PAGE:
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Artist: Teeth Engraved With The Names Of The Dead
Title: Starving The Fires (Part I)
Format: CD
Label: Malignant Records (@)
Rated: *****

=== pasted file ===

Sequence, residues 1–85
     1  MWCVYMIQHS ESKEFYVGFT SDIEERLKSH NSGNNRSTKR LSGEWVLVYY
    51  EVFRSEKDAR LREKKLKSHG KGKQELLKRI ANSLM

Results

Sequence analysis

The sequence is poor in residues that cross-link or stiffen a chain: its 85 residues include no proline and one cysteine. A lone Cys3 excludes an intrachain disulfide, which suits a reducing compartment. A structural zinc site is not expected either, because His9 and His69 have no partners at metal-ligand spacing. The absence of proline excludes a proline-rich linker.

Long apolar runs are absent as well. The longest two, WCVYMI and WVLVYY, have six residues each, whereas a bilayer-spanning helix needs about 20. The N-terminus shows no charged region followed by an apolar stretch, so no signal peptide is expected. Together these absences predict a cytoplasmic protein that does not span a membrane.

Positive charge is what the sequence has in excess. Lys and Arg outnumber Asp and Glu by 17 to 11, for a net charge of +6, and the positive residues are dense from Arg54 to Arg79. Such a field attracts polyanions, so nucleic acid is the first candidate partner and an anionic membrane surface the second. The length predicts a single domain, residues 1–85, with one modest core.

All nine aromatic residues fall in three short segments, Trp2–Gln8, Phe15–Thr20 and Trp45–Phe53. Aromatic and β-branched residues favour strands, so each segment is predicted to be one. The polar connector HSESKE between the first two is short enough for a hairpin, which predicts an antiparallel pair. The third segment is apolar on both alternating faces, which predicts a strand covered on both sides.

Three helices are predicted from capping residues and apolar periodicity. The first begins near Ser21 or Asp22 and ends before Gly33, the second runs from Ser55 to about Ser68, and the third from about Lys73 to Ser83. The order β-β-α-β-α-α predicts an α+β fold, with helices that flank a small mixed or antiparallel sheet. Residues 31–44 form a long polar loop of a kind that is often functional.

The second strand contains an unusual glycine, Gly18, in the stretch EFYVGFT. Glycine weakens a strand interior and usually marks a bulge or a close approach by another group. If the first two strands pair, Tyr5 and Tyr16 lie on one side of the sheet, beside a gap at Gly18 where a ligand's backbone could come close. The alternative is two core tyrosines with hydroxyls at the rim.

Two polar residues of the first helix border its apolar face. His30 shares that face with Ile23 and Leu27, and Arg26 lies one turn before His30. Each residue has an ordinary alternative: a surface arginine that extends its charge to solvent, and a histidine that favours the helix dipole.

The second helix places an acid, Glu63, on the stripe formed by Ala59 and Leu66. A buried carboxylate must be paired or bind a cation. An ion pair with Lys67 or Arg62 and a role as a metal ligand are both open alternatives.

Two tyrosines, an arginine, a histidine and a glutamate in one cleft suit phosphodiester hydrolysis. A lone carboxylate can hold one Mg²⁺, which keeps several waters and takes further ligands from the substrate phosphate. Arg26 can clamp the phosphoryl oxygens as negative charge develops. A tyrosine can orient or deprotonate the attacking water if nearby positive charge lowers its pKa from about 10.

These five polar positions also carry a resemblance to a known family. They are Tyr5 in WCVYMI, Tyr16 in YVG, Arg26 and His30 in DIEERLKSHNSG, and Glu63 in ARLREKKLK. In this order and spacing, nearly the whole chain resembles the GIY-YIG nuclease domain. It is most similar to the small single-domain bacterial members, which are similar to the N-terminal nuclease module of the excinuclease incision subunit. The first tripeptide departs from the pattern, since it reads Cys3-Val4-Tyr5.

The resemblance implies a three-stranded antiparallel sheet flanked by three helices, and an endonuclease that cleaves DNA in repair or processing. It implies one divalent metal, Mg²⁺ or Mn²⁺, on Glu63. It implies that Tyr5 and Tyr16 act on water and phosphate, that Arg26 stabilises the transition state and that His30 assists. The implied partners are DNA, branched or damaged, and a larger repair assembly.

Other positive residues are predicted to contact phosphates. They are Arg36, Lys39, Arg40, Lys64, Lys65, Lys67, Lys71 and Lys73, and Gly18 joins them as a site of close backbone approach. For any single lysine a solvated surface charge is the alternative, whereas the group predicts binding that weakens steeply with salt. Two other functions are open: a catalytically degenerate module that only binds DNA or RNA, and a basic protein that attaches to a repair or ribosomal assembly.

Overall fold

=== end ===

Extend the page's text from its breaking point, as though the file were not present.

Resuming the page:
I had heard of this Portland, Oregon duo and was interested to check them out. Simply the fact that they are on Malignant Records' roster is reason enough to be interested. The label describes this release as 'one of the more despondent and grime encrusted releases to populate the roster; Frayed, noxious frequencies, crumbling static, and corrosive drones that teeter on the edge of abrasiveness mixed with a rotting underbelly of cluttered, industrial churn, falling somewhere between the smoldering scourge of Gruntsplatter and the dread filled, post-mortem atmospherics of Anenzephalia.' Wow ' Gruntsplatter? Sounds promising, so let's get into it. We begin with 'Radians,' which is like sitting in a cave at the end of the world. The wind howls and the earth shakes, and all of this reverberates and echoes off the walls around you. Nicely done. 'Vital Reaction' features drone and staticy, unintelligible spoken word, like a radio transmission from the past. It gets progressively noisier as the track continues, but keeps the soothing bass front and center. 'Shredded Sky, Hung In Tatters' eliminates any of the calmness hidden in the previous track as the noise overcomes the drones, which become more pained as distorted screams and feedback puncture the noisescape. 'Lacerate' brings us more crunchy noise, but this is melodic noise, which reminds me of Loss. Very nice. 'Broken From Inside' carries us deeper into the abyss with distorted, tortured unintelligible growling and vocals over chaotic noise and synth drone. That said, the vocals seemed to become a bit pointless after a while, and this was my least favorite track. Finally, 'When Storms Come' gives us pure, chaotic noise. If there are any vocals here, they are completely buried in the pulsing maelstrom. Although it becomes almost hypnotic after a while, at almost 26 minutes it seemed to go on a bit longer than it needed to. Overall, this is a good addition to the Malignant roster and worth checking out. I will be interested to see how this duo evolves. This album weighs in at around 71 minutes and is limited to 500 copies.